June 14, 2012 - 4:01pm
BY GUS TURNER
I realize that if I heap too much praise on Joey Bada$$ from the get-go, you’ll think that this blog hands out hip-hop superlatives like candy, so I’ll compliment him in the most non-committal way possible. In truth, this awkward method is probably befitting given that the rapper turned 17 only a couple months ago. Here goes though: Joey Bada$$ could, kinda, sorta be, I don’t know, the best “next best thing” in rap music today. Maybe? Ugh, I’m so nervous! (Check “Yes” if you agree.)
Bashful dirt-kicking aside, though, after the release of 1999 one thing has become clear: Any and all young rappers who, as they often do, want to stake their claim as the greatest thing since the invention of the 808 have to go through Joey Bada$$ first. And honestly, that’s probably the most understated praise that has been said about him in the last few months. For the most part, critics have been pointing to Nas as a proverbial spirit guide to Joey’s career trajectory thus far. Before any mention of associations with God’s Son, though, let me address my first point.
In a landscape where hip hop has become increasingly splintered, so too have the young artists who seek to represent it in the future. In one corner, Chief Keef, only 16, finds a companion in the party-rap thunder of Waka Flocka Flame, where lyricism is sacrificed for primal displays of bangery (I may or may not have made that word up, but I think the meaning is understood). On the West Coast, Odd Future, talented or not (I’ll choose the former), relies on shock value and gimmickry to a certain degree. Azealia Banks is apparently already jaded with the industry, and she hasn’t released a full album yet. Kitty Pryde is likely a viral trend who will wither without a spotlight, and the jury is still out on whether Diggy Simmons can even be considered a real rapper. In the midst of all this chaos, though, Joey Bada$$ emerges as an artist through which hip-hop can return to the roots of its Golden Age. Of course, before doing that, he has to finish his homework.
Bada$$ and his Progressive Era crew don’t seem overly concerned with bringing about nostalgia though, just a style of rapping where the artist is actually addressing the troubles of the world around him. While audiences have enjoyed Kanye’s #richkidproblems and Drake’s girl troubles, where have the socially conscious voices of rap gone?
Aside from changing his name to Yasiin Bey, Mos Def has stayed relatively silent, along with his Blackstar counterpart, Talib Kweli. Common’s latest attempt at revitalizing his old-school edginess came off pretty flat, and even a little awkward. For a while now, the Black Hippy crew has shouldered much of this burden, but their murky production plays to a much more esoteric crowd than the jazzy, laidback vibes of Bada$$’s cuts. In one line, Bada$$ addresses this absence of soul in hip-hop that has made the genre seem so self-obsessed as of late: “Like I told you I know n----s who trash rappin / worry about the trends in fashion / rather than the sending of passion.”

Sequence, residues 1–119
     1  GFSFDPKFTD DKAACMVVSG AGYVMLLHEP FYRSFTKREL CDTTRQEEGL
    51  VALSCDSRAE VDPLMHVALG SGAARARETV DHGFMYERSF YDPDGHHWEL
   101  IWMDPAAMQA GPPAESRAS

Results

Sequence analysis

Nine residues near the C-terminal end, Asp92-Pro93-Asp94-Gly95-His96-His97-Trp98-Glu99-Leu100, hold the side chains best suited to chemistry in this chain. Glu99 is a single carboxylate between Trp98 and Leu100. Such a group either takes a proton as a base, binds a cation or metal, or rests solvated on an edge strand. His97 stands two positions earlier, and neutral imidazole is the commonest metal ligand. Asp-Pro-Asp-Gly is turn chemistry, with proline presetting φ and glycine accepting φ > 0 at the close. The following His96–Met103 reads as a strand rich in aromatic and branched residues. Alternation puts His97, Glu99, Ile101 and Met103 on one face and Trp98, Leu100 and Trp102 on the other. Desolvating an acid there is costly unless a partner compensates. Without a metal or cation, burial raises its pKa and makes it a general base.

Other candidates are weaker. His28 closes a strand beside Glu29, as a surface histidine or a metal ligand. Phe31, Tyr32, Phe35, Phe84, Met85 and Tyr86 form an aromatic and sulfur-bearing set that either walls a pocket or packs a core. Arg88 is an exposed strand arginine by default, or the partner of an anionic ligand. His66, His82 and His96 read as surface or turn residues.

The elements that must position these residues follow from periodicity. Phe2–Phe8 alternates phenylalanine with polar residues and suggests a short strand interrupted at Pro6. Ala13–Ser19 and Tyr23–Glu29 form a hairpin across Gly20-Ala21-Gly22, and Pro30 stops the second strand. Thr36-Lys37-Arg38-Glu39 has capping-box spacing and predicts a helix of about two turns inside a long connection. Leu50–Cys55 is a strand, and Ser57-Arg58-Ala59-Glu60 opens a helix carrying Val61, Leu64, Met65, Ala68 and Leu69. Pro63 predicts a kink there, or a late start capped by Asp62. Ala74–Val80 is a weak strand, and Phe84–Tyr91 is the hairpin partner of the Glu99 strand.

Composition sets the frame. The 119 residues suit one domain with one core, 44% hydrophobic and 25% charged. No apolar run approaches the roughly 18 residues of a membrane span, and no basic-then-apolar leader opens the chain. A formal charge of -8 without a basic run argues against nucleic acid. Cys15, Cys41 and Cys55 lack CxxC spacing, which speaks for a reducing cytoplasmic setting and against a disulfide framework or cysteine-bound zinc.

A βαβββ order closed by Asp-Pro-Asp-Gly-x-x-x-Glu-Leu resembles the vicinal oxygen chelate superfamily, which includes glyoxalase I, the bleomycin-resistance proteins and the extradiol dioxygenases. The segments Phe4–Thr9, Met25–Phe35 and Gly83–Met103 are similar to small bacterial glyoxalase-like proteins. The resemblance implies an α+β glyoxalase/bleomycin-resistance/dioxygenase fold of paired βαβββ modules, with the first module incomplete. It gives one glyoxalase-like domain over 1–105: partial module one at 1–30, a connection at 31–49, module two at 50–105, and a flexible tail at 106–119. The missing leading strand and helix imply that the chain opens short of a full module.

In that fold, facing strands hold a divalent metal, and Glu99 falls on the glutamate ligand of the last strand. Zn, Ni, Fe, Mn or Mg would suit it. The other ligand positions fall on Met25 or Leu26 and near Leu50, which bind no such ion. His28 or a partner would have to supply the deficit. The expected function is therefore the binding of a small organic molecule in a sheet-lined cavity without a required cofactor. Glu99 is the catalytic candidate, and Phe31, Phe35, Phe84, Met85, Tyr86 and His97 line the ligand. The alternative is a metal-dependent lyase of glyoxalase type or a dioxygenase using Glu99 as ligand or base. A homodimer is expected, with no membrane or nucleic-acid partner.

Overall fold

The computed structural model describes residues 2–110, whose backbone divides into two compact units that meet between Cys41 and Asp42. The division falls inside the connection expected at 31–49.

The more we listen to lines like this in 1999, the more the comparisons to Illmatic-era Nas become difficult to ignore. Here is young artist who sees a problem in the world and has the talent and backing to bring about real attention to it. He and Nas share a penchant for dense lyricism and street-wise thematics but what’s most surprising is how well-produced the album is. When Illmatic boasted heavyweights like DJ Premier, Large Professor and Pete Rock, it set the hip-hop world on fire. Prior to his, most album production was handled by one producer to give a sense of coherence to the work’s sound. While 1999’s roster of MF DOOM, Statik Selektah, and the late J. Dilla certainly doesn’t have the same landmark effect, it certainly isn’t shabby. It’s also bolstered by a list of lesser-knowns from the Progressive Era crew who contribute more than their fair share to the album’s atmosphere. Like Illmatic there truly isn’t a weak track on this album.
And like Nas before him, Bada$$, who ironically enough will not be able to vote in the upcoming election, captures the zeitgeist of the disillusioned teenagers and twenty-somethings who inhabit his world. The video for “Survival Tactics” is rich with imagery of young, black men in ski masks hanging around Occupy Wall Street and abandoned buildings. They give us an immediate sense of the grittiness that Bada$$ lives and flourishes in everyday. Perhaps it’s his inherent rebelliousness as a teenager that allows for this uncensored take on the harsh realities of the world. In any case, it’s refreshing to see a rapper who, in an era where every up and comer seems to be trading his or her soul for a record deal and mainstream popularity (see: Wale), bucks the system for the sake of his music and his message.
Whether it’s the innocent, but guarded, love of “Don’t Front,” the bawdy shit-talking of “Funky Ho” or the hard-hitting flows of “Killuminati,” Bada$$ is undeniably passionate and genuine throughout this tape. At times, the quality of this album, as unbelievable as it may sound, leaves me slack-jawed and grasping for words to adequately describe it. However, for a rapper who says “it’s definite, I spit more than speech impediments,” I’ll say this as succinctly as possible: In 2012, it’s going to be difficult to find a rap album better than 1999.